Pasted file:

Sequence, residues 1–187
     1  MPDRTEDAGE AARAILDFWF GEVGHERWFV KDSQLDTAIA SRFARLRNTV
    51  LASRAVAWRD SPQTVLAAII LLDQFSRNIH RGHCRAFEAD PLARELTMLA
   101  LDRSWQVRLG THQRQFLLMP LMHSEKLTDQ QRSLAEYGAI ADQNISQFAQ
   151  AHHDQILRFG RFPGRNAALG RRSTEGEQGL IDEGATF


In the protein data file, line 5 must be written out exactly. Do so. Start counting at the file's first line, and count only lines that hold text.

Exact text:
   151  AHHDQILRFG RFPGRNAALG RRSTEGEQGL IDEGATF